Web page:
SoulCycle is Spinning the Fitness Industry on its Head

Posted by Michael Million on December 16, 2014

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Do you remember pop singer Adele’s hit song, "Rolling in the Deep?” It sold nearly six million copies in the U.S. alone and spent seven weeks at the top of the Billboard Hot 100. "Rolling In the Deep" has been nominated for Grammy Awards for Record of the Year and Song of the Year. The Wall Street Journal did research on what made the song so addictive and the answer was interesting – when Adele hits certain notes in the song, it signals the brain to release a rush of endorphins. Similarly, when a brand connects with a consumer in a deep, emotional way, it generates a certain “je ne sais quoi.” That is, the same “feel good” emotion that keeps consumers going back for more – in other words, brand loyalists.

So the question is, what makes some brands sticky and others forgettable? It’s all about how a brand creates that feeling of “I want more.” Specifically, we took a look at SoulCycle – a company that has fostered exceptional brand loyalty in a short amount of time. SoulCycle opened its first studio in 2006 and has since evolved into one of the fastest-growing fitness sensations. By 2011 the company was acquired by Equinox. According to Forbes, the studio sees 8,000 riders every day. Since 2010, ridership has increased 58%, revenue has increased 60%, and profitability has increased 85%. What’s more, this upward trajectory shows no signs of slowing down given SoulCycle’s plan of having 50-60 studios by 2015.

Everyone from Katy Perry, to Andy Cohen, to Kelly Ripa is a SoulCyclist. Katy Perry was recently quoted as saying, “I try to hit the gym four times a week, and then on alternate days I’ll do something more fun, like going for a hike or take a SoulCycle class.” It doesn’t get much better than a free celebrity endorsement. While SoulCycle is a unique spin on indoor cycling, it’s clearly much more than that for its loyal customer base. It’s a lifestyle, it’s an addiction, and it’s an integral part of their lives. So, what makes SoulCycle so special?

  • A unique product story – At its soul, SoulCycle is an intense workout on a stationery bike combined with motivational therapy in an energizing setting. In this way, SoulCycle transforms exercise from a chore into something to look forward to. An intrinsic value that customers are willing to pay a premium for – a 45 minutes class costs $30.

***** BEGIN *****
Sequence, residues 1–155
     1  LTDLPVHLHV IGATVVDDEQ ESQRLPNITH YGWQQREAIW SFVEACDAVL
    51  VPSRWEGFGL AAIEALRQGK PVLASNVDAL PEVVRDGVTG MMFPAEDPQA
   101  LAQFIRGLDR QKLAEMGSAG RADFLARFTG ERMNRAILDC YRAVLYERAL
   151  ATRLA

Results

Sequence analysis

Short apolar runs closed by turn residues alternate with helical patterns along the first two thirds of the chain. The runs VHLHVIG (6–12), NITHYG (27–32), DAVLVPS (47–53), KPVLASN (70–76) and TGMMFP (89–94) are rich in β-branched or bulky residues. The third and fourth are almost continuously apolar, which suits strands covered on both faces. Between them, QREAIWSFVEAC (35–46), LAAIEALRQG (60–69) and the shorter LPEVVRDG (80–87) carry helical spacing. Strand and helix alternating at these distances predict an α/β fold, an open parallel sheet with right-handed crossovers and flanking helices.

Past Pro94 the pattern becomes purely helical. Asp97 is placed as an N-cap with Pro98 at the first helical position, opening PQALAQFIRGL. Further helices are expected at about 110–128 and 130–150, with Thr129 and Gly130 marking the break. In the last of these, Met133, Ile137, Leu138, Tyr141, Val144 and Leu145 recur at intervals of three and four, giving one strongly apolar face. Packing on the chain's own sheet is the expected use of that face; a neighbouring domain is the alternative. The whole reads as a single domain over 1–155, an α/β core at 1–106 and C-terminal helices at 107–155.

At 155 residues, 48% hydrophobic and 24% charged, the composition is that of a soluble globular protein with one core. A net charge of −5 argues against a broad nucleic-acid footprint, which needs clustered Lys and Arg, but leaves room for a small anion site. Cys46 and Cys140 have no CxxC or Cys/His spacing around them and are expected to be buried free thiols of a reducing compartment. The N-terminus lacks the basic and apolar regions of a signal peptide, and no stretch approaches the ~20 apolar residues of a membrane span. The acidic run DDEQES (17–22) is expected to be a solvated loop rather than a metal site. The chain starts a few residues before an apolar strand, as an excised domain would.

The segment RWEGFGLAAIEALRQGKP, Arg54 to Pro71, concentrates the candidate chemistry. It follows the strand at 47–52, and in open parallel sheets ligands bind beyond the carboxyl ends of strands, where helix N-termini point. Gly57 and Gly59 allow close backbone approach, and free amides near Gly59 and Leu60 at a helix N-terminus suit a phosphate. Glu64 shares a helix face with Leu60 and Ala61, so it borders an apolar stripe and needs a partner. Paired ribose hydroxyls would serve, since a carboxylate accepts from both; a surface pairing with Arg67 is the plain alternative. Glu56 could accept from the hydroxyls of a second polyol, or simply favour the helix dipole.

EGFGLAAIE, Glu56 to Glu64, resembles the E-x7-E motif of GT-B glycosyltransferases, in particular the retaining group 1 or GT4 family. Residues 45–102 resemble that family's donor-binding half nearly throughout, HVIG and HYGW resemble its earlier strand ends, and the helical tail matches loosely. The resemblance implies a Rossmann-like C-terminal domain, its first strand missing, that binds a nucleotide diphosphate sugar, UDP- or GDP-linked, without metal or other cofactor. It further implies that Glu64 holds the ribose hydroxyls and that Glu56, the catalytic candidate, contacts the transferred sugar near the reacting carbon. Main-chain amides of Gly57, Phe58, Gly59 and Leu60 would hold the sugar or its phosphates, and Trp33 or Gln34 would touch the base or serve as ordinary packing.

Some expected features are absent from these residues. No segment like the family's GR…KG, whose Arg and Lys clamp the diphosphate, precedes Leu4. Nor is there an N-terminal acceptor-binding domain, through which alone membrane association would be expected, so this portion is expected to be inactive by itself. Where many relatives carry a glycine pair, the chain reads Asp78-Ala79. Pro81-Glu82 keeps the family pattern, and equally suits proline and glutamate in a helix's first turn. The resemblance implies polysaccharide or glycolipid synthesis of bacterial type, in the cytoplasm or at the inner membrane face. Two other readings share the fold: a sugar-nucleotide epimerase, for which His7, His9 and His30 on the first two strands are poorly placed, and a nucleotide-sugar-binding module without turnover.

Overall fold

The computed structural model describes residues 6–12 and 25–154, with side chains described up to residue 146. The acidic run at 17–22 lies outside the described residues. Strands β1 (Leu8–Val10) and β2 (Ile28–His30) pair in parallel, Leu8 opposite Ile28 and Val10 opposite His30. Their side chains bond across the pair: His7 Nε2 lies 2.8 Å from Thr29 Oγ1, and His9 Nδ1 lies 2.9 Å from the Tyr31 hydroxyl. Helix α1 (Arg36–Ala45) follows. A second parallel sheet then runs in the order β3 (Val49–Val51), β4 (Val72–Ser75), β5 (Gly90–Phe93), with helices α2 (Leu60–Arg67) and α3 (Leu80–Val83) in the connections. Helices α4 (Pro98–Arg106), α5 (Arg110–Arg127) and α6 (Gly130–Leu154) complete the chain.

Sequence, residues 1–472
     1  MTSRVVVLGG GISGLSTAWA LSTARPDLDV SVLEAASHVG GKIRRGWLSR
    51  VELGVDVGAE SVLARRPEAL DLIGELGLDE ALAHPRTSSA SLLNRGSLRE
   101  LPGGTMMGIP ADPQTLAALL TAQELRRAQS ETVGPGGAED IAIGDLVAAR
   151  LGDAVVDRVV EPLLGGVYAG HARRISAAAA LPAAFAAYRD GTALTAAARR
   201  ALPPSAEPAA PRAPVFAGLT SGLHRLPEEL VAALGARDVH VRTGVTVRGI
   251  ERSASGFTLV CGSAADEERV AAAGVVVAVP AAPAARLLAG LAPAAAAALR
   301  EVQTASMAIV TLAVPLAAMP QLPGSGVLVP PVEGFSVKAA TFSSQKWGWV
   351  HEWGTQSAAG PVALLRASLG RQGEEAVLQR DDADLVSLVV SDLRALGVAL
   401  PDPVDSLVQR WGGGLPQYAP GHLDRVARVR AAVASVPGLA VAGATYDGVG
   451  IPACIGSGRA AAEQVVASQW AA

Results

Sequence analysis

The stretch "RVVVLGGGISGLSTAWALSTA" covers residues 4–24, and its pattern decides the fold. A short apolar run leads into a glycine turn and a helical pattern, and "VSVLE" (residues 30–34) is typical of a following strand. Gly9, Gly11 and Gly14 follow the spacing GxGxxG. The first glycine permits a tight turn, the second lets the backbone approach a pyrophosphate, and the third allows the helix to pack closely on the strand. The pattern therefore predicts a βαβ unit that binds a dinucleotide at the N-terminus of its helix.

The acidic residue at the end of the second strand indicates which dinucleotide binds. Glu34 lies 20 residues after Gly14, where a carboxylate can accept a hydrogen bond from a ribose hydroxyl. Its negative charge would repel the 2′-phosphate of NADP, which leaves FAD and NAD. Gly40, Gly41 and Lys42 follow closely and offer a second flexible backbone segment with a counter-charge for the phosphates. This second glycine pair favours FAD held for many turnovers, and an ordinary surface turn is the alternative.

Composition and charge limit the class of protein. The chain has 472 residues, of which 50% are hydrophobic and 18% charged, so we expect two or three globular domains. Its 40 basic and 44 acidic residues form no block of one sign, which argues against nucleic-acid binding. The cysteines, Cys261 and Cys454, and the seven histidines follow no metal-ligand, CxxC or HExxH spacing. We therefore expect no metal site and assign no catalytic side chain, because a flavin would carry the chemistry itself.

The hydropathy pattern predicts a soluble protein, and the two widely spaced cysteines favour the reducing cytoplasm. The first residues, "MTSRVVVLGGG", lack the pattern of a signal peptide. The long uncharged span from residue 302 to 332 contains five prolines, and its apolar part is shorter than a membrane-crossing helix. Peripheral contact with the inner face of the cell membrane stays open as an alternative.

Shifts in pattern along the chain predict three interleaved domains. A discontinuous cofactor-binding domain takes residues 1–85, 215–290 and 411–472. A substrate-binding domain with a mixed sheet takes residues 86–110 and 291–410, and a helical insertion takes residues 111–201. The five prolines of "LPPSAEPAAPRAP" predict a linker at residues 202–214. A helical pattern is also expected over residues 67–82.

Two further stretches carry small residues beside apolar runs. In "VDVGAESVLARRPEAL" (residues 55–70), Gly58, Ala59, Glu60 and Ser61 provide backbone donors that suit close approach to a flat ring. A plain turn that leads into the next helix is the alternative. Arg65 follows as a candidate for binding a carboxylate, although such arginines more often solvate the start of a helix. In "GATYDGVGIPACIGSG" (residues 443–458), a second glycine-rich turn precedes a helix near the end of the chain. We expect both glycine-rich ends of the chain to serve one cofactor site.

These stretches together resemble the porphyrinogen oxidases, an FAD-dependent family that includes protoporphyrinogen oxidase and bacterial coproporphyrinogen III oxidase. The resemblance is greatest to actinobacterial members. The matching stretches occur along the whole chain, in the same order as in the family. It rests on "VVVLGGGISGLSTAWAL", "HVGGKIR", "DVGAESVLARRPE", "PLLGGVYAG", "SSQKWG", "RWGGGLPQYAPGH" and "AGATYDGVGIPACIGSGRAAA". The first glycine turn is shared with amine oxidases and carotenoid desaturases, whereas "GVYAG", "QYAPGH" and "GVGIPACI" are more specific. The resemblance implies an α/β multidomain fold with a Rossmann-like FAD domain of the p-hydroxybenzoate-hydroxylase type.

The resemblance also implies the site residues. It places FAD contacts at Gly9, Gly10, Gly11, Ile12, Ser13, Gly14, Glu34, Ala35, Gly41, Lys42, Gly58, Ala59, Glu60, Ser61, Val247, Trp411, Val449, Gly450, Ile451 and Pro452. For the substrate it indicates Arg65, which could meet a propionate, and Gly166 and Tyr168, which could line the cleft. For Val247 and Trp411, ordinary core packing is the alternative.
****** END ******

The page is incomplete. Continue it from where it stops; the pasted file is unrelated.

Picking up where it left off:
• A dynamic, yet personal experience – To be an instructor at SoulCycle, you have to audition for the part and then go through eight to twelve weeks of training. Why all the fuss? Each instructor has to be dynamic and wear many hats – part DJ (instructors organize their own music arrangements), part fitness trainer (instructors create their own fitness routines), part spiritual guru (instructors provide food for the soul), and part cheerleader (instructors provide motivation). The overall SoulCycle experience varies by class, and each rider can pick an instructor that best suits their preferences.
  • An immersive experience – Debora Warner, a personal trainer, described her experience at SoulCycle: “The vibe is great – from the candles, to the music, to the nice smelling towels. It’s solid on all levels of service.” Dim lighting, the scent of Jonathan Alder candles, and the custom music sets the ambience. Instructors go above and beyond by staying in touch with riders outside of class via social media and through helping them customize their workout routines.

In the end, brand loyalty is built from the inside out. It cannot be faked. When a consumer experiences a value proposition that connects with them in a deep, emotional way, it creates a lasting impression. This, in turn, creates a strong goodwill, which ideally results in revenue growth. SoulCycle broke out of the fitness industry rut by setting a strong foundation with a differentiated story. It also built an inside out culture by training its staff to provide a dynamic, yet personal customer experience, which keeps its most loyal customers coming back for more.

Topics: Brand Development, Brand Value Proposition

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